State v. KittredgeAnnotate this Case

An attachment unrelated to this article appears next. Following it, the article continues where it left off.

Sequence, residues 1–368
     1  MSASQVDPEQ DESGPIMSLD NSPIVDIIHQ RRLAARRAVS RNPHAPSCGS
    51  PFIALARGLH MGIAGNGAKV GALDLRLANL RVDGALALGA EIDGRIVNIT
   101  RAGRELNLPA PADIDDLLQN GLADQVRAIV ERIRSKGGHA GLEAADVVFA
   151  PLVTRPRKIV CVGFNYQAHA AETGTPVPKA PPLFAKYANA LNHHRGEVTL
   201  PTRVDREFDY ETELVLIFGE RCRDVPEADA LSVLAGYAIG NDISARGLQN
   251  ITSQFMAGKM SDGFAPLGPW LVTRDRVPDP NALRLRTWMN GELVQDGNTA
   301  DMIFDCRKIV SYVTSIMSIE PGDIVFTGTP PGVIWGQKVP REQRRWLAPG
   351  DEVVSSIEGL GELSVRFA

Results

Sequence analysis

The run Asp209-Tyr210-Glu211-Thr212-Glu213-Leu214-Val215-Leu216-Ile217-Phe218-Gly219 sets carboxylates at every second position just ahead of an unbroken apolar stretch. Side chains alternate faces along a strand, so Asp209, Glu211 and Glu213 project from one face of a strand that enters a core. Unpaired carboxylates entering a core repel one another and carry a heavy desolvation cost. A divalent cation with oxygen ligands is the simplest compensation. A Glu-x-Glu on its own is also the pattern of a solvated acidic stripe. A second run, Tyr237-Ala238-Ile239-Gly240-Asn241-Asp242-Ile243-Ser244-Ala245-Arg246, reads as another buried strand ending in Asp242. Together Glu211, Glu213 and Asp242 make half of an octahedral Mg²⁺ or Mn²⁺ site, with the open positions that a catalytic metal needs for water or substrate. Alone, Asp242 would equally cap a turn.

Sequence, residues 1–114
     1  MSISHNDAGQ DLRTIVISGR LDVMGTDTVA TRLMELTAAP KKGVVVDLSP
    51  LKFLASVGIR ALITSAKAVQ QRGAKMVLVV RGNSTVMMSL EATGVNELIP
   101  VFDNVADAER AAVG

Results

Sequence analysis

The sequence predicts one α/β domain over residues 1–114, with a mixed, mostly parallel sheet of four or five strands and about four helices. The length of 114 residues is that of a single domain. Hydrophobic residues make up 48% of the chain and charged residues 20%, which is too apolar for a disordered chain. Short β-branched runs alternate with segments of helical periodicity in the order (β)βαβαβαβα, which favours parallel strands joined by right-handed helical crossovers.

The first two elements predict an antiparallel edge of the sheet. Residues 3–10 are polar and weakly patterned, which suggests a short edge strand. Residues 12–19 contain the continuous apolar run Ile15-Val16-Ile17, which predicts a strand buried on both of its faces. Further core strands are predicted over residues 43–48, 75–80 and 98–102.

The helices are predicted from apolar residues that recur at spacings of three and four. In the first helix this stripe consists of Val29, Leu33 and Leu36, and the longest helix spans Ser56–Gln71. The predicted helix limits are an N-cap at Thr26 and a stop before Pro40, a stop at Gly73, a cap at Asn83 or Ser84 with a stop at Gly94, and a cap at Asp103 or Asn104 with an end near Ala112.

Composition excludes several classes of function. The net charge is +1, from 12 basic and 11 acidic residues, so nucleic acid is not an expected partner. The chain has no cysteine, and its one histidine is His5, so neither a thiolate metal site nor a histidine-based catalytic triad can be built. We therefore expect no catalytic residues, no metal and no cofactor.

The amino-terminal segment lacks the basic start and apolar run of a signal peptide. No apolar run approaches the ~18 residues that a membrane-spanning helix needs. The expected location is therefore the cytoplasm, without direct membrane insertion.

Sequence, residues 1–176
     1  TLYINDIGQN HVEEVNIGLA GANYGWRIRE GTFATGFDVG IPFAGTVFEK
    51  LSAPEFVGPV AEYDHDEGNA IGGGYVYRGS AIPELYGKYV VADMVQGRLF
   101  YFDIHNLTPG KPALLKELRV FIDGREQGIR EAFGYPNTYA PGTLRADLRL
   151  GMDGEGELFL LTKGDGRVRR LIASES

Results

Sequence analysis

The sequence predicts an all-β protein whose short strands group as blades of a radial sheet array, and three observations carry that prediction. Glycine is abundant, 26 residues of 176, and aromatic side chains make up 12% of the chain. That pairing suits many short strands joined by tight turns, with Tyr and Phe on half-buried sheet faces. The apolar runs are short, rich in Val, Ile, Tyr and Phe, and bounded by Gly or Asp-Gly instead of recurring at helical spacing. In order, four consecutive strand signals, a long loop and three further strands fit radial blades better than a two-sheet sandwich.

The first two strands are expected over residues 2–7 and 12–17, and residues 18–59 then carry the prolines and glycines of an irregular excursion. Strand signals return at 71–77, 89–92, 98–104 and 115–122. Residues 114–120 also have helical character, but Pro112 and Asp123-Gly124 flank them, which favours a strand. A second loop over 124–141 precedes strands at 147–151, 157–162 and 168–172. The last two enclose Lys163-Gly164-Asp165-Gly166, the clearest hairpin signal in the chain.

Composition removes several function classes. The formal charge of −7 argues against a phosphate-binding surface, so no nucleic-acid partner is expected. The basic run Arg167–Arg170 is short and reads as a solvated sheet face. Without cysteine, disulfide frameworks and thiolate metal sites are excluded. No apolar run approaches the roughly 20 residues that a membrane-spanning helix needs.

Defendant’s probation officer asked Defendant to come to the probation office. When Defendant complied, he met two state troopers who sat down with him and asked him about a theft at the victim’s apartment. After the interview, Defendant made incriminating statements. Defendant was charged with burglary and theft by unauthorized taking or transfer. Defendant moved to suppress the statements he made to law enforcement. The trial court determined that Defendant spoke voluntarily and that he was not in custody, and therefore, Miranda warnings were not required. Defendant was subsequently convicted of theft by unauthorized taking or transfer. The Supreme Court affirmed, holding (1) the trial court did not err in determining that Miranda warnings were unnecessary because Defendant was not in custody; (2) the trial court did not err in concluding that the confession was voluntary; and (3) the evidence was sufficient to support the conviction.